The final step after saving your advert is to specify your Default bid – which is essentially the Max CPC we mentioned in our Google search advertising post and tells Google the maximum amount you are willing to pay when someone clicks on your ad.
And that’s it – your Google Ads are ready to go!
Hopefully you’ve found this tutorial helpful, and to review what we’ve learnt, check out these helpful Adwords videos that cover how to set up a campaign and how to write successful ad copy.
Adwords (n.d.a) ‘Creating your ad campaign’. Available at: https://support.google.com/adwords/answer/1704395?hl=en&ref_topic=3121941 (Accessed: 29 March 2014).
Adwords (n.d.b) ‘How ad groups work’. Available at: https://support.google.com/adwords/answer/2375404?hl=en&ref_topic=3121942 (Accessed: 29 March 2014).
Adwords (n.d.c) ‘Tips for creating successful text ads. Available at: https://support.google.com/adwords/answer/1704392?ctx=tltp (Accessed: 30 March 2014).
Baldassarre, R. (2013) ‘Google Adwords: 10 Account Review Tips Revealed’. Available at: http://www.searchenginejournal.com/google-adwords-10-account-review-tips-revealed/66703/ (Accessed: 30 March 2014).
Ball (n.d.) ‘11 Tips for Google Adwords Success’. Available at: http://www.apogee-web-consulting.com/sem_articles/google-adwords-tips.html (Accessed: 30 March 2014).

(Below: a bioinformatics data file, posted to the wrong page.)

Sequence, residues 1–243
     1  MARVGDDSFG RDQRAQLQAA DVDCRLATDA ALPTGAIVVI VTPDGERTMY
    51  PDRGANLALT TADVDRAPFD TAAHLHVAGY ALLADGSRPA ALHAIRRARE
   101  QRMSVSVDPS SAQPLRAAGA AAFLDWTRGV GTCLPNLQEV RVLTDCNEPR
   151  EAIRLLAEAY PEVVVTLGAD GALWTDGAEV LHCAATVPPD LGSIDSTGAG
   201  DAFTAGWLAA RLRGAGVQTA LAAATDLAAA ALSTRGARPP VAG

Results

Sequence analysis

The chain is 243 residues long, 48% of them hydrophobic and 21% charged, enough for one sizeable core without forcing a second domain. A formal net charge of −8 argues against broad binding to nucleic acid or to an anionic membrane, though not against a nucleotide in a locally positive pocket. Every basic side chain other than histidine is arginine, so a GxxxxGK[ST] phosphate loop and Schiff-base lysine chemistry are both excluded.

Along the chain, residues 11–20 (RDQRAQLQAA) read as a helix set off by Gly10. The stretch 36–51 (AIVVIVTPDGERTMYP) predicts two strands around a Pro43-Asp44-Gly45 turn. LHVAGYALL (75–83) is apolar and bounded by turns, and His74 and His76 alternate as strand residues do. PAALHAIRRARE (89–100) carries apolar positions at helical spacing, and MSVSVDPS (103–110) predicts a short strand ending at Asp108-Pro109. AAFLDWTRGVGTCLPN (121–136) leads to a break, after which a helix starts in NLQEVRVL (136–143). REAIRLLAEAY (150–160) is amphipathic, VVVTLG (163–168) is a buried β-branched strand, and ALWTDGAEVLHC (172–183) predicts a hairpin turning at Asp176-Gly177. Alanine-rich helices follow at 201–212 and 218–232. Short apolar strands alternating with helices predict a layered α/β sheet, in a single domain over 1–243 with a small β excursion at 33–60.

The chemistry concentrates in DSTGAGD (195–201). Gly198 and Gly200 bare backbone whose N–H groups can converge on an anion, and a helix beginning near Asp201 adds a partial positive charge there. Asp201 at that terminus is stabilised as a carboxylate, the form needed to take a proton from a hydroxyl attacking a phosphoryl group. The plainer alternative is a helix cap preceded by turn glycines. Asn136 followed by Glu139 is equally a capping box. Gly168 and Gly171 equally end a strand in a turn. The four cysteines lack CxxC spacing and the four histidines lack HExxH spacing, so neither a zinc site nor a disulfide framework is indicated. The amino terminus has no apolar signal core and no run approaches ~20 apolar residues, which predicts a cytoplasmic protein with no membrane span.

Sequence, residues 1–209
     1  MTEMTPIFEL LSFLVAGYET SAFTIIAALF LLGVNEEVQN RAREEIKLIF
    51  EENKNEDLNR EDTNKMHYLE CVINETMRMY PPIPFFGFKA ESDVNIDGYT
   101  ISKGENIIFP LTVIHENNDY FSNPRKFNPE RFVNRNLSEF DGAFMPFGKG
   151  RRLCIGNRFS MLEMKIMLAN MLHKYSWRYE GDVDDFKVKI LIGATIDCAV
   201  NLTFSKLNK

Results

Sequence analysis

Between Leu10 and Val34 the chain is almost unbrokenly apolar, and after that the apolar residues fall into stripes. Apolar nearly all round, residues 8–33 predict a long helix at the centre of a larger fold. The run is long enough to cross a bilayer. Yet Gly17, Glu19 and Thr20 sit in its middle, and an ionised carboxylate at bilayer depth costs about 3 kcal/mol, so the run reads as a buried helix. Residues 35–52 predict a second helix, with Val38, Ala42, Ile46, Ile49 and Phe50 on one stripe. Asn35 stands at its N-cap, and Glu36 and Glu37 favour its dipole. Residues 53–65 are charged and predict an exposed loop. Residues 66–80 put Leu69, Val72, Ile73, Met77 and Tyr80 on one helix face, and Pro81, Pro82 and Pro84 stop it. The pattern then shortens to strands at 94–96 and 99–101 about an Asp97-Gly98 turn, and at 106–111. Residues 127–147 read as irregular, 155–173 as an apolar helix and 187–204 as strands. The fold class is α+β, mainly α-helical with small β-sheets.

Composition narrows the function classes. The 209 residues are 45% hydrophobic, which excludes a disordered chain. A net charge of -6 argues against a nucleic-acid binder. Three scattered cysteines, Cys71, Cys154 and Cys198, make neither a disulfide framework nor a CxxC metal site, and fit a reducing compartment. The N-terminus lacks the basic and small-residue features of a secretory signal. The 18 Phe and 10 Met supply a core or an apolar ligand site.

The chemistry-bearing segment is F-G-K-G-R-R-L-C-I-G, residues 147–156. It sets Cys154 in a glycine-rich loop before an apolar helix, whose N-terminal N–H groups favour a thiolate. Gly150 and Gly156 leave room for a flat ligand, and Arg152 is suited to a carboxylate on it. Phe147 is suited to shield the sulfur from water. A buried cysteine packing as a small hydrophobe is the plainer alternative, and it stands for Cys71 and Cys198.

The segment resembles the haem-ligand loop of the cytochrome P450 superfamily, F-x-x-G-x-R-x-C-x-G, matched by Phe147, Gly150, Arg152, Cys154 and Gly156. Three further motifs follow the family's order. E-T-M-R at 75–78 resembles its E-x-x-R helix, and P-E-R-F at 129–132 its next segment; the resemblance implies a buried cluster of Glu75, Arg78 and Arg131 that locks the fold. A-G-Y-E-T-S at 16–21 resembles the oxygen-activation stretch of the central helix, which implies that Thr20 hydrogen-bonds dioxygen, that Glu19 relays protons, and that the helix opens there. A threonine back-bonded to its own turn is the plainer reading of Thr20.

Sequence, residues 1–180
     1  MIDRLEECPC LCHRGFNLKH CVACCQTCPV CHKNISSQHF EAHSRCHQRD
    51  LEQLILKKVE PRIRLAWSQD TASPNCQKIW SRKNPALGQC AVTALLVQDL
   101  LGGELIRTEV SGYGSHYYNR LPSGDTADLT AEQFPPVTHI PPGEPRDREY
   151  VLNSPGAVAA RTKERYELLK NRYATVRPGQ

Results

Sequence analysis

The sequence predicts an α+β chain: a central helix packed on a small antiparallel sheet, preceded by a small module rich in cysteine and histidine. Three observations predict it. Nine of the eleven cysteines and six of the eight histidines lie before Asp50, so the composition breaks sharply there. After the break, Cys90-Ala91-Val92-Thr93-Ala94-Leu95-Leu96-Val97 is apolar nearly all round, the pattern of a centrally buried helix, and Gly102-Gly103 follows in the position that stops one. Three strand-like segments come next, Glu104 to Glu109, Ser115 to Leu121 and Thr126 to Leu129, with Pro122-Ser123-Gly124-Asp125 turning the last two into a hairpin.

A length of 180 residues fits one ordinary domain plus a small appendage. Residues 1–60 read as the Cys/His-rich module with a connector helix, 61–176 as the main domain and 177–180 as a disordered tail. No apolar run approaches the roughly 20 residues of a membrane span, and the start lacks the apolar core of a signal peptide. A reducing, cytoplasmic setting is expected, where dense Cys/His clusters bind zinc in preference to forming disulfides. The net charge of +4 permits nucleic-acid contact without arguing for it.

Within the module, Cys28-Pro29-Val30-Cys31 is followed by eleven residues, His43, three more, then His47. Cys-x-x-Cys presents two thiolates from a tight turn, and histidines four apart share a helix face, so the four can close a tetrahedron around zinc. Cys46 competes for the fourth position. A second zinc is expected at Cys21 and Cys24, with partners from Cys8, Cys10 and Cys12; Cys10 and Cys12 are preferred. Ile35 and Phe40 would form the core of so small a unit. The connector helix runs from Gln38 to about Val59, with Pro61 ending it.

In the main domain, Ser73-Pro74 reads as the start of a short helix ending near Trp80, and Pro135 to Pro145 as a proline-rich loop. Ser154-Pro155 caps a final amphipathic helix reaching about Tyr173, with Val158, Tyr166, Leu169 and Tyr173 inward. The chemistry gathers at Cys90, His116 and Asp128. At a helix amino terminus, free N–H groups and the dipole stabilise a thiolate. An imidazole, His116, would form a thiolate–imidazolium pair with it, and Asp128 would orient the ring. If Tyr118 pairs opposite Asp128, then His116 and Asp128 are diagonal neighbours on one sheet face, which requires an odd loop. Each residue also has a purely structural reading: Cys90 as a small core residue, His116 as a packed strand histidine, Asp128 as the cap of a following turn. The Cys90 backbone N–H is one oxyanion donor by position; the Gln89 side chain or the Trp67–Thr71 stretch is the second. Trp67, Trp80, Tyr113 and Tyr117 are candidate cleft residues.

Rogers, C. (n.d.) ‘5 Tips For Success in Google AdWords’. Available at: http://www.chasenewmedia.com/articles/5-tips-google-adwords.html (Accessed: 29 March 2014).
Wolfgang Digital (2013) ‘PPC Marketing Infographic of the Week: How Does Google AdWords Work?’. Available at: http://www.wolfgangdigital.com/blog/digital-marketing/ppc-marketing-infographic-week-google-adwords-work/ (Accessed: 29 March 2014).
Wordstream (n.d.a) ‘Ad Groups: How to Create More Effective Ad Groups for PPC’. Available at: http://www.wordstream.com/ad-groups (Accessed: 29 March 2014).
Wordstream (n.d.b) ‘What Is PPC? Learn the Basics of Pay-Per-Click (PPC) Marketing’. Available at: http://www.wordstream.com/ppc (Accessed: 29 March 2014).
Wordstream (n.d.c) ‘Text Ads: How to Optimize Your Text Ads for PPC’. Available at: http://www.wordstream.com/text-ads (Accessed: 29 March 2014).